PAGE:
5 Questions You Should Never Ask a Pregnant Woman

Respecting the privacy of pregnant women.

Children 13th Jan, 2021

Being pregnant can be the most incredible, yet challenging, experience. If you are a parent, you may recognise many of these issues, if not, this could help you support a partner/friend/relation who becomes pregnant. A good starting point is noticing how often a pregnant person is treated as public property. For example, how do casual pats on the baby bump from complete strangers feel? Depending on the situation and person, they could be a wonderful expression of that person’s goodwill, or incredibly invasive as your friend gave no permission for their personal space and body to be violated. People also ask deeply personal questions, or make statements, that nobody would dream of saying at any other time. Once you are aware of a few of these, you can watch out for others and hopefully, provide support and protection.

It Can’t Be Long Now:

This statement implies weight gain, you should never tell a person they are looking bigger, this is no different during a pregnancy. Particularly as many pregnant women struggle with the changes in their body. This statement can often be interpreted as ‘you look fat’ and will do nothing for your friend/partner/relations self confidence. If the subject comes up, tell them the pregnant person they look fabulous. If someone makes this statement in front of you, challenge them if possible, in a non confrontational way. You could try ‘I was saying earlier how radiant she looks and how well she is coping.’. This is a sentence that people generally feel obliged to agree with, you can then change the topic of conversation.

What Are You Eating/Drinking?

They will have midwives, nurses, doctors and many family/friends/passing acquaintances inquiring into their diet. Although the medical profession is trying to help and give advice, it can still feel like your partner/friend is back at school, being told they are doing everything wrong. When you add the pressure of wanting to do the best thing for their baby, this question can become very distressing. If you enquire about diet, it might even feel like you are implying the woman doesn’t care enough about her unborn child to listen to/follow medical advice and do outside research herself. You may be asked for advice, that is different, share what you know. Otherwise, be kind and do not raise the subject.

What Is Your Birthing Plan?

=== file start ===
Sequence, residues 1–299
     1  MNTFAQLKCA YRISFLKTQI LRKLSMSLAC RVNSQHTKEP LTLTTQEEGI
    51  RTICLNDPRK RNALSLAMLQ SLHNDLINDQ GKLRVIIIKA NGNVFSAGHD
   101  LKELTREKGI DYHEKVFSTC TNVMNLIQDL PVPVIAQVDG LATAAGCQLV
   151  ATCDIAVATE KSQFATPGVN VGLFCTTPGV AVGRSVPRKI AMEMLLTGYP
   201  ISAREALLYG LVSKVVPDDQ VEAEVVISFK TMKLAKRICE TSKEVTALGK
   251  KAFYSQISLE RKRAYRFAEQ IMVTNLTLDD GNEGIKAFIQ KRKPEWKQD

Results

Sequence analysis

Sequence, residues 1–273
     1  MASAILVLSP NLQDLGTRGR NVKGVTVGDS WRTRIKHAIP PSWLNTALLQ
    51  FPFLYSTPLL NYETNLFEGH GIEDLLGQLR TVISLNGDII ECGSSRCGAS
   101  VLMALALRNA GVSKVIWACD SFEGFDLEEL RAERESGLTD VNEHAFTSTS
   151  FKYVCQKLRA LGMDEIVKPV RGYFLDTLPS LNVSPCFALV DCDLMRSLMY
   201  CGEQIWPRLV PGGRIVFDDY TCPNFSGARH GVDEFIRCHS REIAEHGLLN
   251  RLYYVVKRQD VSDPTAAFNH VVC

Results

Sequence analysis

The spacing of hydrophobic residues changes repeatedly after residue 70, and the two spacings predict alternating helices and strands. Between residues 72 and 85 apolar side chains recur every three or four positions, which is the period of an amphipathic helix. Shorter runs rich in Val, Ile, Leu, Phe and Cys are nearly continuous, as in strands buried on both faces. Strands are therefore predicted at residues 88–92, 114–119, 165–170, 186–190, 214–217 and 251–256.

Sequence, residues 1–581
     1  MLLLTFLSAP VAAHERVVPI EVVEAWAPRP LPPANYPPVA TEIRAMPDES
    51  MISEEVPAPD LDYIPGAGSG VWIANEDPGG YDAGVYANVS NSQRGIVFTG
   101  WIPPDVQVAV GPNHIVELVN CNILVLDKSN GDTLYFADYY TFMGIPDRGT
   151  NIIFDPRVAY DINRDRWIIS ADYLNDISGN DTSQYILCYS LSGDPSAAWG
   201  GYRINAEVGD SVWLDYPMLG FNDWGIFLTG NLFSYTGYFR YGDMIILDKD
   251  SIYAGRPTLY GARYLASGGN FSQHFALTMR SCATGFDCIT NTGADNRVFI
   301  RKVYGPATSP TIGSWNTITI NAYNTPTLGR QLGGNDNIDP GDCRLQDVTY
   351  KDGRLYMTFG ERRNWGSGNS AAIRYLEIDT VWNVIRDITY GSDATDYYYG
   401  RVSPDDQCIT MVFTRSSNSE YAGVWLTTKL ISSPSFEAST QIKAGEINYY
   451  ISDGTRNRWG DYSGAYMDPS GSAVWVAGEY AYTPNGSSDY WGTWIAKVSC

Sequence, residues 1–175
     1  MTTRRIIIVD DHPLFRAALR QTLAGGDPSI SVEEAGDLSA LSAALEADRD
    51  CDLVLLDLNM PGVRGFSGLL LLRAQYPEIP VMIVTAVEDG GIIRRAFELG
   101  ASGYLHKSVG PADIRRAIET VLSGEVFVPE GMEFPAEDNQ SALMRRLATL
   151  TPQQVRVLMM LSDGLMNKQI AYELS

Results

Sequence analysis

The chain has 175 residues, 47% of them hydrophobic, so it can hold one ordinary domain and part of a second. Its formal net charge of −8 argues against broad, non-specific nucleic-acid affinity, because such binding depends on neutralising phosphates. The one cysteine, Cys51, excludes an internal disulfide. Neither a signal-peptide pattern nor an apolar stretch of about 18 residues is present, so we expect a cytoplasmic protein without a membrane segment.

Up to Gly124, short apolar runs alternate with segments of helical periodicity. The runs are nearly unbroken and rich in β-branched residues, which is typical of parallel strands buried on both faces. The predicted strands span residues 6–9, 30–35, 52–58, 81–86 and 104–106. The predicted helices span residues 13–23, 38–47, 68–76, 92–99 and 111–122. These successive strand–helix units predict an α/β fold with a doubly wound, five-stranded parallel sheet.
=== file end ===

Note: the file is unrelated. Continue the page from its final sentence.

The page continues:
There are so many variations and choices that this can be a wonderful experience, exploring and settling on the right course for them, or incredibly overwhelming. It can also be a huge subject of contention between partners/with parents/with midwives and doulas. Alternatively, your friend/relation might be very excited and tell you what their birthing plan is. Let them introduce the topic then be enthusiastic, or sympathetic, as necessary.

Are You Planning On Breastfeeding?

This is a very personal choice for any parent. Midwives often put a lot of pressure on people to breastfeed. Although there are various good reasons for this, breast milk has a different combination of vitamins/immunity etc at different stages, modern formula milk is excellent too. This may be something your friend already knew she did/didn’t want to do, either way it will have been discussed endlessly with midwives, then partners and everyone else. Added to this, not every child will take to the breast, it can be quite difficult, distressing and it is painful. You can avoid making a contentious issue worse, by simply never mentioning it. Of course, if they bring it up, you can be a sympathetic ear. Perhaps you have experience, if you are asked, then give advice or share your feelings on how it was for you. Emphasise it is different for everyone, whatever the baby wants and needs are, is the best guide.

They Will Struggle At School:

If a child is due just before the school year ends, there is a historical view that they will struggle as the youngest in class, months behind others in their year. This statement is both false and implies bad planning on the parents part, which can be very distressing. Getting pregnant is rarely straightforward and often takes time, the last thing on a person’s mind is, ‘when would my child be due if I conceive now’. The month a person is born may once have made a small difference, however, a child’s schooling is far more likely to be affected by their personality and style of learning. With modern knowledge, when parent/s do letters/reading/numbers at home, there is no reason to think children will have any difficulties connected to which month they are born.

Fundamentally, these all too common statements and questions, are an invasion of privacy. Once you see that, you can become one of the few people a pregnant woman can relax around. This may enrich your relationship with friends/family as they see how sensitive you are being. It may even provide you with a network of people who treat you the same way if you decide to have a child. Either way, being kind to yourself and others, will always provide the reward of knowing you have done the right thing and helped make someone’s life a little easier.

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